Arts & Lectures Hosts Events with Nicholas Kristof

Discussion with Nonprofit Leaders, Donor Reception, and Town Hall Meeting

Nicholas Kristof with event sponsors Dorothy Largay and Wayne Rosing at the donor reception.

Gail Arnold

Nicholas Kristof with event sponsors Dorothy Largay and Wayne Rosing at the donor reception.

On April 23, UCSB Arts & Lectures, as part of its Thematic Learning Initiative, co-hosted with the Santa Barbara Public Library Taking Action Matters: Santa Barbara Organizations as Global Change Makers, featuring two-time Pulitzer Prize winning New York Times columnist Nicholas Kristof and representatives from Santa Barbara-based nonprofits. Held at the Santa Barbara Central Library with the library’s Programming and Marketing Librarian Jen Lemberger moderating, panelists joining Kristof were SEE International President and CEO Randal Avolio, African Women Rising Executive Director Linda Cole, Vitamin Angels Senior Program Manager Amy Steets, and Direct Relief Latin America Program Manager, Cydney Justman. A reception for major donors and then a town hall meeting, both with Kristof, followed.

Kristof explained the arguments in two books he wrote with his wife, Sheryl WuDunn. In Half the Sky , the argument is that the central moral challenge that we currently face is gender inequity around the world. This as not simply a justice issue, but also a practical issue, because educating girls and bringing them into the labor force gets at many other social issues as well. In A Path Appears, they argue that there are enormous benefits to individuals getting engaged in causes larger than themselves and that we now have evidence of what works in addressing social issues here and abroad such that these commitments can yield significant results.

Kristof’s columns often focus on global health, poverty and gender issues and he offered interesting insights throughout the program on these topics as well as on other issues confronting nonprofits. Guests got to hear short, compelling presentations by each nonprofit leader about his or her organization’s work before a lively panel discussion took place.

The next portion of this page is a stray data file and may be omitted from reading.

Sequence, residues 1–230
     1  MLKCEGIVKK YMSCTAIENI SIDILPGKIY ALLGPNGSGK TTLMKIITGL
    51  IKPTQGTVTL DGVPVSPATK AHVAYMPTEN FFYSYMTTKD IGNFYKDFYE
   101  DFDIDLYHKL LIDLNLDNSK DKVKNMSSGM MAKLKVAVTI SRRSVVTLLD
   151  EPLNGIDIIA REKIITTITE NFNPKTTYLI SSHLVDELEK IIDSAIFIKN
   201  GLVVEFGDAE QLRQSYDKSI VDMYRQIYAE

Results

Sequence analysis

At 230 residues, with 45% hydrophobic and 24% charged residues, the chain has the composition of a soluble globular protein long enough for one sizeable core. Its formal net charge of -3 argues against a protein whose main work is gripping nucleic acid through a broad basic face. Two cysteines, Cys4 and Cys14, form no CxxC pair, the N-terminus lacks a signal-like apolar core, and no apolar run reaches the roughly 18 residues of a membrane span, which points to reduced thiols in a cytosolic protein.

When the event concluded, Kristof was off to the Goodland in Goleta for a reception with major donors. After mingling a bit, Kristof fielded questions from donors, including on recovery from a disaster. He noted that a body of evidence, including an ongoing study from Hurricane Katrina, shows that an important factor in adaptability and resilience is the extent to which people have social capital and social connections, whether it be family, a network of friends, or civic organizations. Kristof lamented that these connections are declining and that this is a major challenge facing our country. He indicated that social capital and social connections are critical both in times of natural disaster, like our debris flow, and also in other difficult times, like when one loses a job, which he emphasized is a very common occurrence these days. Also very helpful in getting through stressful times, he noted, is having a larger purpose, a connection to something larger than oneself, whether that be religion or something else.

Kristof ended the session on an optimistic note, sharing how impressed he is with young people both being committed to causes larger than themselves and being pragmatic in how they seek to affect change. He predicted that in the next 15-20 years, the private sector will play a much larger role in doing good, in part because of young people. For this generation, what kind of company they work for, what products they buy, and what they invest in are all important matters. This, Kristof predicts, will put pressure on companies to incorporate values into their business models and the impact of this development could be huge.

Kristoff was then off to yet another event, a town hall meeting at UCSB Campbell Hall, “Building a Resilient Community: Turning Adversity into Opportunity,” moderated by KEYT’s John Palminteri.

Both the discussion and town hall, along with a film screening and a Kristof book give-away on other dates, were part of Arts & Lectures Thematic Learning Initiative (TLI), which provides opportunities to explore issues of importance with the hope that they will initiate change and empowerment. TLI events are open to the general public and are offered free of charge or at a nominal cost. For a listing of this season’s offerings, click here.

Arts & Lectures (A&L) donors help make possible TLI events as well as A&L’s extensive education and outreach activities, in which visiting artists and speakers participate in educational activities for K-12 and college students and other outreach activities for the general public. A nice perk of being a major donor are invites to receptions such as this one with Kristof.

For more information about Arts and Lectures generally, click here.

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